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Wardlow Apartments

544 Wardlaw Avenue, Winnipeg, Manitoba, R3L, Canada

Formally Recognized: 1999/09/28

Primary elevation, from the northeast, of the Wardlow Apartments, Winnipeg, 2006; Historic Resources Branch, Manitoba Culture, Heritage and Tourism, 2006
Primary Elevation
Contextual view, from the northeast, of the Wardlow Apartments, Winnipeg, 2006; Historic Resources Branch, Manitoba Culture, Heritage and Tourism, 2006
Contextual View
Primary entrance of the Wardlow Apartments, Winnipeg, 2006; Historic Resources Branch, Manitoba Culture, Heritage and Culture, 2006
Primary Entrance

Other Name(s)

Les appartements Wardlaw
The Wardlaw Apartments
Wardlow Apartments

Links and documents

Construction Date(s)

1905/01/01 to 1905/12/31

Listed on the Canadian Register: 2007/07/13

Statement of Significance

Description of Historic Place

The three-storey Wardlow Apartments, a solid brick structure built in 1905, occupies a corner site in an historic Winnipeg neighbourhood comprised of single-family dwellings interspersed with churches, apartment blocks and other larger-scale structures. The City of Winnipeg designation applies to the building on its footprint and the following interior elements: the front central staircase, including the foyer, and original fireplaces.

Heritage Value

The Wardlow Apartments is a fine representative of important architectural influences that emerged from leading American designers based in Chicago at the turn of the twentieth century. The structure is an excellent Winnipeg example of the Prairie School of design developed by Frank Lloyd Wright, one with the added attribute of delicate stone detailing over the front entrance that recalls the work of another prominent Chicago architect, Louis Sullivan. Consistent with the Prairie Style, the block's low profile, strong horizontal lines and understated exterior finishes blend well with the historic fabric of its residential neighbourhood. Large suites (two per floor) and refined interior appointments further distinguish the building as one of Winnipeg's earliest luxury blocks. Designed by J.D. Atchison, who moved his practice from Chicago to Winnipeg in 1905, the building remains largely intact and is an integral component of its streetscape.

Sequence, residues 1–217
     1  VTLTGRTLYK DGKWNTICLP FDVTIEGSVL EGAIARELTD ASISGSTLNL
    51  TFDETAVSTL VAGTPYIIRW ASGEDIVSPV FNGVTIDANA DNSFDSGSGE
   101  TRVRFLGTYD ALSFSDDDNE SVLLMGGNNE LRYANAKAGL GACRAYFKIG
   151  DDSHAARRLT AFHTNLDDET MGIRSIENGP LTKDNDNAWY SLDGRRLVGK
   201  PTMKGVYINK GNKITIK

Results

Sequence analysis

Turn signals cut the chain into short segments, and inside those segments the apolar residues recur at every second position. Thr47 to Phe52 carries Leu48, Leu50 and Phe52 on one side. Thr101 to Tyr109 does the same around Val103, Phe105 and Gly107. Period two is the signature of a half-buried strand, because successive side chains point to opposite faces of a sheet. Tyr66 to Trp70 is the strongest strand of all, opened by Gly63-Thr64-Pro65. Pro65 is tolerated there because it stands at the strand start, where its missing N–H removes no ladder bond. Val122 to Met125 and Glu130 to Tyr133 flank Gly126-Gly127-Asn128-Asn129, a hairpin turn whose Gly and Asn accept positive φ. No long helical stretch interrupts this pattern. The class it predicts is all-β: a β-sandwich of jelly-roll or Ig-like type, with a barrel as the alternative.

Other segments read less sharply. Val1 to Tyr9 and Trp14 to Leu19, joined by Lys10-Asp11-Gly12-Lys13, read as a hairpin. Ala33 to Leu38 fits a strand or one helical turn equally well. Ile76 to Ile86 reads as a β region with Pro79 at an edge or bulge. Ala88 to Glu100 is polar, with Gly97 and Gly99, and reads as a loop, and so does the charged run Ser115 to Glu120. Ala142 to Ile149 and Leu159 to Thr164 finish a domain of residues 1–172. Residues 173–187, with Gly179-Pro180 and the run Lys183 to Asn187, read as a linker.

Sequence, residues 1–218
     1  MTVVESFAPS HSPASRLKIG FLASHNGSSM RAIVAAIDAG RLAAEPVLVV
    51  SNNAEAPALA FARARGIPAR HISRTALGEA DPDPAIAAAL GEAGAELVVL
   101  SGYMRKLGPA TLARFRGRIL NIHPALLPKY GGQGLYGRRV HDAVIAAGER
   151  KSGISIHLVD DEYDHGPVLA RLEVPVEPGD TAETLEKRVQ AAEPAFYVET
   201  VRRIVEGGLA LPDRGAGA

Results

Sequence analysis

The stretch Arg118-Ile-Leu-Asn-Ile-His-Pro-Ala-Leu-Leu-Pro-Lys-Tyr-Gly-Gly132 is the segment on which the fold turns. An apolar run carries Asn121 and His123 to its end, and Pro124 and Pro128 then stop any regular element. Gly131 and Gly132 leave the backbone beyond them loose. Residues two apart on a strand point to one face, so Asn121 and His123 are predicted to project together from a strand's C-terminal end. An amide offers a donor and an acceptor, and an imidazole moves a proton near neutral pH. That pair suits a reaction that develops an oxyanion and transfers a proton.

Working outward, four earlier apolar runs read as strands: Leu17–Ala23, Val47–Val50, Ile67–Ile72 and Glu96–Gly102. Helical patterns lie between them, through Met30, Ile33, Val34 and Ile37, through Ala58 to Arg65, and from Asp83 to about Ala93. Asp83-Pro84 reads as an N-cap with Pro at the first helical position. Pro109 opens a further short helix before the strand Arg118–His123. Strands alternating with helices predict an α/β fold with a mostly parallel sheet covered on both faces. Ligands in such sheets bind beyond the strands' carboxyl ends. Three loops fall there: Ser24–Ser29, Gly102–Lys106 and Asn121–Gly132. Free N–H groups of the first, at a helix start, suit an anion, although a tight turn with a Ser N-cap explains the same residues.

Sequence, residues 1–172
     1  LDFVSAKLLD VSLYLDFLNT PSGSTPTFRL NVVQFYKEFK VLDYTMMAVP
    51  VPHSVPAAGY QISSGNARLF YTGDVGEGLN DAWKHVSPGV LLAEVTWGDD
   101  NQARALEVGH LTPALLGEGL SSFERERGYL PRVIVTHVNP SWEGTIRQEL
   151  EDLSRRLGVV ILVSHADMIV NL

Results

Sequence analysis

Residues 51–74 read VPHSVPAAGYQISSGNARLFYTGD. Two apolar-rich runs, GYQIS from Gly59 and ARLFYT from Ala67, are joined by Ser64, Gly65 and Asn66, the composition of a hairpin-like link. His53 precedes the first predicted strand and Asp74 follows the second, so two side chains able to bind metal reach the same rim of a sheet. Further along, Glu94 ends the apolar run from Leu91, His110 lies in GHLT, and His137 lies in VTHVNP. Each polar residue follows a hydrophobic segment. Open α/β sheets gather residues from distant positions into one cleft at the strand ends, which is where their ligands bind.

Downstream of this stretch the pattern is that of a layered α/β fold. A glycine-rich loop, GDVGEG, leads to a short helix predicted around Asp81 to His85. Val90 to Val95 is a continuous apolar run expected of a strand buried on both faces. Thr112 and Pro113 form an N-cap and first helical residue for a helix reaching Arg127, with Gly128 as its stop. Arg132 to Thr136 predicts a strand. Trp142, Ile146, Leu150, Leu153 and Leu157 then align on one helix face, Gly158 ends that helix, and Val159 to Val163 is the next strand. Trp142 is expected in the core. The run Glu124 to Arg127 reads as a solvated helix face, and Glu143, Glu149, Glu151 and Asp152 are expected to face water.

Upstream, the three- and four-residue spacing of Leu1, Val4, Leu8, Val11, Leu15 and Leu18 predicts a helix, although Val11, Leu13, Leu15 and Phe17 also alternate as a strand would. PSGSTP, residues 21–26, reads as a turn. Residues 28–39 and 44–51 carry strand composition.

Source: City of Winnipeg Council Meeting Minutes, September 28, 1999

Character-Defining Elements

Key elements that define the site character of the Wardlow Apartments include:
- the structure's placement on a landscaped lot at the southwest corner of Wardlaw Avenue and Nassau Street N, set back from the sidewalks, with its front facing north
- the building's proximity to neighbouring historic apartment blocks, houses and churches

Key exterior elements that define the structure's Prairie School design and residential function include:
- the low proportions of its substantial three-storey rectangular form
- the horizontal emphasis provided by a low-pitched hip roof with broad overhanging eaves and ornate exposed rafters and by prominent banding elements such as limestone sills and lintels and a third-floor sill course that wraps around three sides
- the symmetrical front (north) facade with a centred front pavilion that holds the main entrance flanked on the first and second levels by verandahs with engaged stone columns between glass openings and on the third floor by balconies
- the elegant smooth-cut stone surrounds of the single-door main entrance, including an architrave with squared columns, a lintel that doubles as a nameplate and an arched transom with delicately carved floral detailing, all set within a wide round arch edged by a geometrically ornamented outer band
- the numerous rectangular windows in singles, pairs and/or trios on all sides, including bay windows at the rear
- the understated materials and finishes, including the common clay brick walls, stone foundation, tall brick chimneys with stone caps, segmental-arched brick heads over rear windows, rear metal staircases, etc.

Key interior elements that define the building's character as a luxury block include:
- the centre-hall plan dividing each above-grade floor into two large apartments
- the well-lit vaulted foyer with single glass and oak doors surrounded by sidelights encased in oak surrounds; also, richly detailed oak panelling, mosaic tile floors and marble baseboards
- the centrally located front staircase with an oak balustrade
- in many of the suites, a large front foyer, an overall spaciousness accentuated with high ceilings, hardwood floors and high baseboards, and some with dining rooms with cross-beamed ceilings, and in-suite fireplaces




Recognition Authority

City of Winnipeg

Recognition Statute

City of Winnipeg Act

Recognition Type

Winnipeg Landmark Heritage Structure

Recognition Date


Historical Information

Significant Date(s)


Theme - Category and Type

Expressing Intellectual and Cultural Life
Architecture and Design

Function - Category and Type


Multiple Dwelling


Architect / Designer

J.D. Atchison



Additional Information

Location of Supporting Documentation

15-30 Fort Street Winnipeg MB

Cross-Reference to Collection

Fed/Prov/Terr Identifier




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